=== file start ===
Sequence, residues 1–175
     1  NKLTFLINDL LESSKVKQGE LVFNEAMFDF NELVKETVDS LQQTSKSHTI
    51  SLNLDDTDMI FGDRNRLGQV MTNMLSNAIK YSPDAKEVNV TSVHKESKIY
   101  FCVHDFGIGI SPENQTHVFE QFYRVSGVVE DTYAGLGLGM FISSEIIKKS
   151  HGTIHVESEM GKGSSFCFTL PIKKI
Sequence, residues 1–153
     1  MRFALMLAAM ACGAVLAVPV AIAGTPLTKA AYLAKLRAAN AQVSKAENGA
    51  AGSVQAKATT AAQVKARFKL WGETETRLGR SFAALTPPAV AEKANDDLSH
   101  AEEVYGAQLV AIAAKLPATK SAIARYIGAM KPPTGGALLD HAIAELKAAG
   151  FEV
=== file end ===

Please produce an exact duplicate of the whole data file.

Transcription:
Sequence, residues 1–175
     1  NKLTFLINDL LESSKVKQGE LVFNEAMFDF NELVKETVDS LQQTSKSHTI
    51  SLNLDDTDMI FGDRNRLGQV MTNMLSNAIK YSPDAKEVNV TSVHKESKIY
   101  FCVHDFGIGI SPENQTHVFE QFYRVSGVVE DTYAGLGLGM FISSEIIKKS
   151  HGTIHVESEM GKGSSFCFTL PIKKI
Sequence, residues 1–153
     1  MRFALMLAAM ACGAVLAVPV AIAGTPLTKA AYLAKLRAAN AQVSKAENGA
    51  AGSVQAKATT AAQVKARFKL WGETETRLGR SFAALTPPAV AEKANDDLSH
   101  AEEVYGAQLV AIAAKLPATK SAIARYIGAM KPPTGGALLD HAIAELKAAG
   151  FEV